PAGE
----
The Beauty of Being a Cheapskate: The Roads Less Traveled

we’re spoiled in California where most freeways really are free. add to that my uhh, frugality, and i’m not averse to driving a bit longer* if it saves me a couple dollars (or more, i’m looking at you, PA and NJ Turnpikes, where i’ve paid well over $10 each way) in tolls.

* my limit is about 15-20% additional time up to a certain point: if i’m driving for 5 to 6 hours, get me there as fast as possible!

as a result, i regularly tell my GPS (aka the Google Maps app) to Avoid Tolls. the very welcome side effect of this (in addition to moar munnies in my wallet) is that i get taken through the back roads, getting solitude and scenery, two of my favorite things when i want to get away from everyday life. for that stretch of time that i’m on a lonely stretch of road, it’s just me with nature passing by. over the past couple years that i’ve been coming to and driving through the Mid-Atlantic, i’ve had the great fortune of experiencing this pastoral side of life that i don’t easily get back home in the suburbs of San Francisco.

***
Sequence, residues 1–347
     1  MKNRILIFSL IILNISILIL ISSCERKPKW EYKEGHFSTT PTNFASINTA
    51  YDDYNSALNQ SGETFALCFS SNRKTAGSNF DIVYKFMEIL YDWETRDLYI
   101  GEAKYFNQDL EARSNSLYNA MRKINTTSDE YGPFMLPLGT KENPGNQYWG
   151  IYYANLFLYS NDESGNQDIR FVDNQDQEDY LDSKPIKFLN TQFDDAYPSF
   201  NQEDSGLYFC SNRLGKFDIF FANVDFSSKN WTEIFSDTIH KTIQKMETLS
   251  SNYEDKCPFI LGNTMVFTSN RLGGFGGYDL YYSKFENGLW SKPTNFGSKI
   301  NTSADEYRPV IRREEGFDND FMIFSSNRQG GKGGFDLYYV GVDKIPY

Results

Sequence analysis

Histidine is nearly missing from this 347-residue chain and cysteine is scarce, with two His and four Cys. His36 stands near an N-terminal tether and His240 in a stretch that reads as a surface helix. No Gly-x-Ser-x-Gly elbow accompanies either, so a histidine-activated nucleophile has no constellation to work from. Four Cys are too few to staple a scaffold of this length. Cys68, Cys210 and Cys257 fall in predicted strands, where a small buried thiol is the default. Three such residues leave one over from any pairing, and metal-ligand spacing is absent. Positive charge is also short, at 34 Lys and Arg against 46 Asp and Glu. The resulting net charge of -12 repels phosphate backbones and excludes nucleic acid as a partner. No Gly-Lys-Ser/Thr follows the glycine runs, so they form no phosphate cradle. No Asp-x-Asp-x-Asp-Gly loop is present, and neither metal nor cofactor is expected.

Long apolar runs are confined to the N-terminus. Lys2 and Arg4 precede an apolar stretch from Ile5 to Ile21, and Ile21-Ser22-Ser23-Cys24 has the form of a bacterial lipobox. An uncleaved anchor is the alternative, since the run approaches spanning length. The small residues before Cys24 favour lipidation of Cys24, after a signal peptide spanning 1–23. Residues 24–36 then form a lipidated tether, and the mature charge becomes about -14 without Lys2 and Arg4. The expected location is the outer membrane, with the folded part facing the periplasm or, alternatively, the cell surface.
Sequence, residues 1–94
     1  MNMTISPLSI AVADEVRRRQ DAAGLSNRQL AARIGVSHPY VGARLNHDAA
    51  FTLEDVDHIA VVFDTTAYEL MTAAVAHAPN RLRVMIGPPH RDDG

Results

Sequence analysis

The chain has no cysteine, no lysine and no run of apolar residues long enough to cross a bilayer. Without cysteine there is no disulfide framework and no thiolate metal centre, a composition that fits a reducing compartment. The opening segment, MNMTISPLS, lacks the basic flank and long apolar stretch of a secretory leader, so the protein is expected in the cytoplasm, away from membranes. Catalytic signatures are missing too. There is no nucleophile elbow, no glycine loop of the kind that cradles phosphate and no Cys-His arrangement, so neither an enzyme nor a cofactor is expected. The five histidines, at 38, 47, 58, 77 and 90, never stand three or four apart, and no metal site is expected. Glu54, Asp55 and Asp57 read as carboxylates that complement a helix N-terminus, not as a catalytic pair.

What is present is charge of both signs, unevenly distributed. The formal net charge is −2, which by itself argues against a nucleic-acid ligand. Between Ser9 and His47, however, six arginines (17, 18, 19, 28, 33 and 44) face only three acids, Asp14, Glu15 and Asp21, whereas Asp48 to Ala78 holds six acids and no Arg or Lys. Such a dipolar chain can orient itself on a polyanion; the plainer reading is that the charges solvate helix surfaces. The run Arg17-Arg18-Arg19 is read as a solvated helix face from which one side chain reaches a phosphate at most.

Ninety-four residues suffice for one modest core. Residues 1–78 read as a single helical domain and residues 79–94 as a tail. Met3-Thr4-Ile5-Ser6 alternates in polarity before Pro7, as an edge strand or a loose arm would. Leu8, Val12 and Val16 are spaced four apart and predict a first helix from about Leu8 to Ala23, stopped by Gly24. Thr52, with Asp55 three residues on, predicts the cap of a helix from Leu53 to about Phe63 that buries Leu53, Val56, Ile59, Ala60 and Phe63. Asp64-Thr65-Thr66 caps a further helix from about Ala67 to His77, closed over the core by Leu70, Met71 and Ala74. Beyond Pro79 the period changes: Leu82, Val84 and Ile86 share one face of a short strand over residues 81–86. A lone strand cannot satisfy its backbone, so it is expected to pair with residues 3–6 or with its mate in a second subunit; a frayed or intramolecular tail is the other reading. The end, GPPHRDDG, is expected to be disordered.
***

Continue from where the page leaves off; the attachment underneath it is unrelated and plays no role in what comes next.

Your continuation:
and i’ve snuck pictures. (some of these were featured in earlier instawalks and some are not necessarily the result of purposely avoiding tolls, but you get the idea.)

if you’re not in a rush, try avoiding tolls on your next mini-roadtrip and see where it takes you!

p.s. of course, that’s not to say you won’t have some adventures. be careful at night (these roads aren’t well-lit) and when it’s snowing (ugh, had to do one of these during a blizzard. white knuckles!!!).

p.p.s. warning if you’re expecting completely toll-free. in my experience, Google Maps is smart — it avoids tolls within reason. it won’t take me on a six-hour detour just to avoid paying a toll, but will detour me enough to avoid paying most if possible. it would be great if the app told you how much each route would cost, though. (suggestion!)

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